To make the shift to cloud testing, many teams turn towards a device cloud, also known as a device farm. It houses a wide range of mobile devices and browser VMs that teams can test on remotely. Device farms typically have both modern devices and older versions.

There are two ways to test in the cloud: with a public cloud or a private cloud. While public clouds are an excellent entry point for teams looking to get started with cloud-based testing, private clouds are more secure and customizable.

Many enterprises opt for a privately hosted testing cloud where they can perform cloud test automation. These automated tests are performed on dedicated devices in a real device cloud. Enterprises that want to speed up their testing even more also ensure that their testing clouds allow for testing on virtual devices as well.

Documentation & Diagramming

To keep your cloud enterprise strategy clear and organized, it is crucial to document your cloud computing services with cloud architecture diagrams.

Your team can use more simplified diagram frameworks like a C4 model to describe multiple systems. Such systems can include integrations such as the Jira Cloud or an open-source technology stack. or use other models to diagram individual frameworks, such as:

  • AWS: These AWS architecture diagram examples cover everything from multi-tier AWS architectures to setting up Oracle’s E-Business Suite (EBS) with AWS.
  • Azure: Keeping an updated Azure architecture diagram on hand can help you plan for and execute changes in order to stay ahead of your organization’s technical needs.
  • Google Cloud: Solutions like Gliffy make diagramming systems like a GCP architecture and others a simple and efficient process.

 


 

Enterprise Cloud Success Stories

To be successful with enterprise cloud, you need the right tools and support. That’s why over 75% of Fortune 100 companies choose Perforce solutions.

Maximize Performance by Shifting to Cloud

For Game Studio, a developer of consumer games, arcade games, and smartphone apps for a range of devices, COVID-19 changed the way they needed to work. Specifically, an on-premises development environment simply wouldn’t cut it in the new normal.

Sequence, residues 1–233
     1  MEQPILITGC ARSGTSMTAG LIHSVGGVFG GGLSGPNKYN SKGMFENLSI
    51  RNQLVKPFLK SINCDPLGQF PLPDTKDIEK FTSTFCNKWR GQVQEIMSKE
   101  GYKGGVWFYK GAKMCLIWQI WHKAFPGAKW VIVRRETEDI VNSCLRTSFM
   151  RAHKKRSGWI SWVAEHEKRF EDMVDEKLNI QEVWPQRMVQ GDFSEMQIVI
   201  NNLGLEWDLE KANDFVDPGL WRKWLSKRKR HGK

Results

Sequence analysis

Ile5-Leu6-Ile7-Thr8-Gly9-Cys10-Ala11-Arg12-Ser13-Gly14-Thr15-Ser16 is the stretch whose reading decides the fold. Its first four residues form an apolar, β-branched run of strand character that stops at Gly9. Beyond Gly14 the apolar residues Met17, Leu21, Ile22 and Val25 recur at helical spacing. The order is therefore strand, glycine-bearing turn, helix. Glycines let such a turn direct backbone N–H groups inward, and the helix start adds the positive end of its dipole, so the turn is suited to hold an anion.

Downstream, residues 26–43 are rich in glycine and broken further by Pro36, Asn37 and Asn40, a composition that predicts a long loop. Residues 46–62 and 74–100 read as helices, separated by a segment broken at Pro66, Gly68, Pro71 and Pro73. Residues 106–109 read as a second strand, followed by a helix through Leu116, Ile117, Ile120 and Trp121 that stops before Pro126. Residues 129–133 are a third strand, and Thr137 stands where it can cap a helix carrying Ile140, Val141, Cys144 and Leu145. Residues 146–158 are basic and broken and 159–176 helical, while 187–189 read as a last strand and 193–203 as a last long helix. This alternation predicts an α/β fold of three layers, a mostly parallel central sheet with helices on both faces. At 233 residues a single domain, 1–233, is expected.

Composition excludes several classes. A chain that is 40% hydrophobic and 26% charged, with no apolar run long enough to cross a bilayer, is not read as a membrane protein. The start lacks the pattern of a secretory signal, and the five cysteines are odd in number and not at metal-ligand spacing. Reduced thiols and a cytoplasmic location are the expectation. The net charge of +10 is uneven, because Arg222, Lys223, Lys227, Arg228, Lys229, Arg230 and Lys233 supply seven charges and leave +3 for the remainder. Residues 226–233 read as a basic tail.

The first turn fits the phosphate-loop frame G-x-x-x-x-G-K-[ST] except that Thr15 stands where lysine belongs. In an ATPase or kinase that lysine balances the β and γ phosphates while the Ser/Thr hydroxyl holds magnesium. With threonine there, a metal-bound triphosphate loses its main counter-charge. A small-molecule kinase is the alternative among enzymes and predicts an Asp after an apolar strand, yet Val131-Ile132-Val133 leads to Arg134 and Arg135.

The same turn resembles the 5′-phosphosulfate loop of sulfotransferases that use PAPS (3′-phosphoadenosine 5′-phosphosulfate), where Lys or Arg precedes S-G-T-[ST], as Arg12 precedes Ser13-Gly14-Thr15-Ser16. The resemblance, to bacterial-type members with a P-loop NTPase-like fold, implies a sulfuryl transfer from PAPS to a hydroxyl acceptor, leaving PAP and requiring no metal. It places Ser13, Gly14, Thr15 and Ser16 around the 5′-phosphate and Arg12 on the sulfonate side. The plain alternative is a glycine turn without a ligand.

They needed to switch to cloud. Perforce Helix Core was a key tool to cloudify their development environment — and maximize performance.

Accelerate Testing in Cloud-Based Labs

Switching to a cloud-based lab enables teams to accelerate testing and deliver high-quality user experiences. With a cloud-based lab, you can test continuously at scale.

That’s why world leader’s choose Perfecto’s cloud-based lab for continuous testing.

Here are just a few of their success stories:

Remove the Silos Between Cloud & On-Premises

Monitoring data from cloud and on-premises instances can be siloed. This limits your ability to make accurate, data-driven decisions.

For example, using Apache Kafka-based solutions — backed by OpenLogic support — helps global leaders remove the siloes and bring their data together.

Find out how one banking company did it. Read the full case study >>

Leverage Cloud APIs

Cloud APIs are essential in digital business today. But to leverage cloud APIs in the enterprise, you need a secure API gateway. That’s why Fortune 500 leaders choose Akana.

Akana helps enterprise ensure security and PCI compliance — and so much more. Check out just a few of their success stories:

 


 

Enterprise Cloud Solutions

Perforce provides a suite of enterprise DevOps solutions that help teams deliver better and higher quality products in the cloud.

Go From Idea to Innovation

Visualize your cloud environment with a  software engineering diagram tool. Gliffy allows you to map your cloud architecture and tweak it as your projects and teams grow. Collaborate and share as your build your cloud solution. Start your free trial >>

Template For Speed & Scale

The Azure Linux images from OpenLogic are award-winning for a reason. They give enterprises a fully supported and Linux distribution to develop and deploy apps in the Azure cloud. Trusted by the Global 500 and beyond, these images are always up-to-date and help streamline cloud deployment. Talk to an expert >>

Transform With Cloud Native API Technology

Enhance your approach to building and running applications with a cloud native solution for APIs. With Akana, you get the same platform and gateways as on-premises, plus support for native cloud and other managed servers. Deploy your way on your cloud of choice and give your teams the flexibility they need. Renovate your enterprise >>

Turnkey Enterprise Cloud Solution

For teams looking to deploy in the cloud — without the headache — hit the easy button. The Perforce Enhanced Studio Pack contains the tools teams need to manage large projects, big files, and remote team members (plus you can try them free). Available on Azure and AWS, enterprises can customize and deploy in just a few clicks. Deploy your free tools >>

PHP Application Deployment

For those looking to deploy PHP applications in the cloud, learn how cloud images from Zend make it simply and consistent by removing the differences between how different operating systems and web servers work so that you can focus on getting your application deployed. Start your free trial >>

Get Started

To succeed with enterprise cloud, you need the right solutions — and the right partner. Find out how the power of Perforce can help you accelerate innovation today.